Whether you go to Panera for freshly baked bread, soup and seasonal salad or something else, like popular mac and cheese, the menu at the fast-casual restaurant is understandable, prepared quickly.
ALSO SEE: Copycat Panera Bread Macaroni and Cheese Recipe
The company states on its website that they "believe that good food, food you can feel good about, can bring out the best in us all," but a former employees' recent posts on social media have prompted some to question that view.
TikTok user @briannaraelenee (Brianna Ramirez) posted the video "how Panera prepares mac and cheese" on the music and lipstick on the social media platform with the caption "exposes Panera" set to a man laughing.
The shell-shaped paste with creamy cheese sauce comes from the freezer in a vacuum-sealed bag, is immersed into boiling water, removed, opened and coated.
At the time of publication, her video had more than 945,000 likes and nearly 9,000 comments.
The comments from other TikTok users were shared.
"That's how most fast food restaurants prepare the food," said one person, suggesting the preparations so that the food can be served hot in an instant.
"I mean … it's still good," replied another.
But others seemed intensified by the notion of flash freezing goods for consistent cooking.
"For the price this is dishonest from Panera, they are just a well-designed McDonald's with luxurious prices," someone wrote.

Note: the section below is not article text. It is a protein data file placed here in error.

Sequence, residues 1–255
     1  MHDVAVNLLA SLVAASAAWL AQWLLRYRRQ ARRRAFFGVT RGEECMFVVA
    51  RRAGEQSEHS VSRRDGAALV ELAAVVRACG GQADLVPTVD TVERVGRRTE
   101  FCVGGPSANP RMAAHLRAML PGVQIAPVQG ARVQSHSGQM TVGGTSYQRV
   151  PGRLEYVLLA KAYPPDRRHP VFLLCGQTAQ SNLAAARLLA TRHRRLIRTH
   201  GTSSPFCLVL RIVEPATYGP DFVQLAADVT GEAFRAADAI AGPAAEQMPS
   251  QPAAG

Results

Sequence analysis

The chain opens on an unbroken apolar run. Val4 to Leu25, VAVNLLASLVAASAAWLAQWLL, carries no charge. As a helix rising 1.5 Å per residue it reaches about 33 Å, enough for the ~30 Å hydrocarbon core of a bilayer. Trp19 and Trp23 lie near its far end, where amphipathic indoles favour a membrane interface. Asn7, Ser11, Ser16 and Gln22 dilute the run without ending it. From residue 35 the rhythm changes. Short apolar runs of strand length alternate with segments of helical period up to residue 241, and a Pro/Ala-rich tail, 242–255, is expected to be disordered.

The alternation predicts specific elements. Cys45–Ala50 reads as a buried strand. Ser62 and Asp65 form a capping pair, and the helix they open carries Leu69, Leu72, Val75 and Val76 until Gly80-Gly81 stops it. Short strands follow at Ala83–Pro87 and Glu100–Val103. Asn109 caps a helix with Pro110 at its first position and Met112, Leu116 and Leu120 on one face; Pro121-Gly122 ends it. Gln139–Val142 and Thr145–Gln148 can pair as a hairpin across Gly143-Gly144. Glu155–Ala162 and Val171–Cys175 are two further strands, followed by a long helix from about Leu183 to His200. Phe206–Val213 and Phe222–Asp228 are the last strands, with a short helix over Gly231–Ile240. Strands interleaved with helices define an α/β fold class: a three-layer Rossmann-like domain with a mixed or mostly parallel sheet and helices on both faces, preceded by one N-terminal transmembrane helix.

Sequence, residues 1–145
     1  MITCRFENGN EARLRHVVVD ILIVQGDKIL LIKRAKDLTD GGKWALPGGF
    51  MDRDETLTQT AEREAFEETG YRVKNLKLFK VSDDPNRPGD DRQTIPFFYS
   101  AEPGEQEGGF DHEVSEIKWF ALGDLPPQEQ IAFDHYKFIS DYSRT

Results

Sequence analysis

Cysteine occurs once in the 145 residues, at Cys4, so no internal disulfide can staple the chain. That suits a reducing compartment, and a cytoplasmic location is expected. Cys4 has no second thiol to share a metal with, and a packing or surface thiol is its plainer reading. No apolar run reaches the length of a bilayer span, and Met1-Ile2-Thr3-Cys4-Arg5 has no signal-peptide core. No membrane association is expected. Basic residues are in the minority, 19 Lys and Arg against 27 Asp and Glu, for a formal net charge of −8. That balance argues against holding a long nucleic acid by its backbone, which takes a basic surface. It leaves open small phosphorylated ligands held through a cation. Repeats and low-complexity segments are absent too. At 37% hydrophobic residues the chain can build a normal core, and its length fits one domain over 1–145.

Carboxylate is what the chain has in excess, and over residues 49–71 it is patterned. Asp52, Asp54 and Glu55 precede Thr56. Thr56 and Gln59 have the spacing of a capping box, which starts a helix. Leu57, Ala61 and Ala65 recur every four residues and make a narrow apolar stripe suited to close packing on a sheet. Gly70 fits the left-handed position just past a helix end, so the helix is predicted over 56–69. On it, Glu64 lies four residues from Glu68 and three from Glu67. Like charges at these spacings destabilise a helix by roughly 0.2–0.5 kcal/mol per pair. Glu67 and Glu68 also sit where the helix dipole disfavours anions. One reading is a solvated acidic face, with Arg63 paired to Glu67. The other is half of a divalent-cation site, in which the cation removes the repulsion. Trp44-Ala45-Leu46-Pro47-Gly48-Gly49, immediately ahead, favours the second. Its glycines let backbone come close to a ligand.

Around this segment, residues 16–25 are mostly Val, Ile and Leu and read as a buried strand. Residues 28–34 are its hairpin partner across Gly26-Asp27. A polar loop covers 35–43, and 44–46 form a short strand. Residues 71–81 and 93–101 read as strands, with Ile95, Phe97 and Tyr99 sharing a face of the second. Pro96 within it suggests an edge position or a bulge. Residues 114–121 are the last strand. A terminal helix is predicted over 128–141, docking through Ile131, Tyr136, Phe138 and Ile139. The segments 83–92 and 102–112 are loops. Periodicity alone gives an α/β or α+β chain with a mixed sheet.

The company did not immediately respond to ABC News' request for comment, but previously told The Washington Post that they "confirmed the authenticity of the TikTok video."
Panera Bread defended their product for The Washington Post, saying that mac and cheese is, "made out of place with our own developed recipe developed by our chefs." [1
After the video went viral, the same TikTok user posted a series of videos in response to the backlash to defend the practice of warming frozen foods and delivering a tearful excuse.
"I like my job, I really try not to get fired," she said.
She shared the news on Twitter on Friday that she lost her job, claiming it was because of the original post.
When someone answered questions about how the restaurant looked, she said "it went viral and ended up on the news where I live."
Panera has not commented on Ramirez's employment status.
Ramirez did not immediately respond to ABC News & # 39; request for comment.
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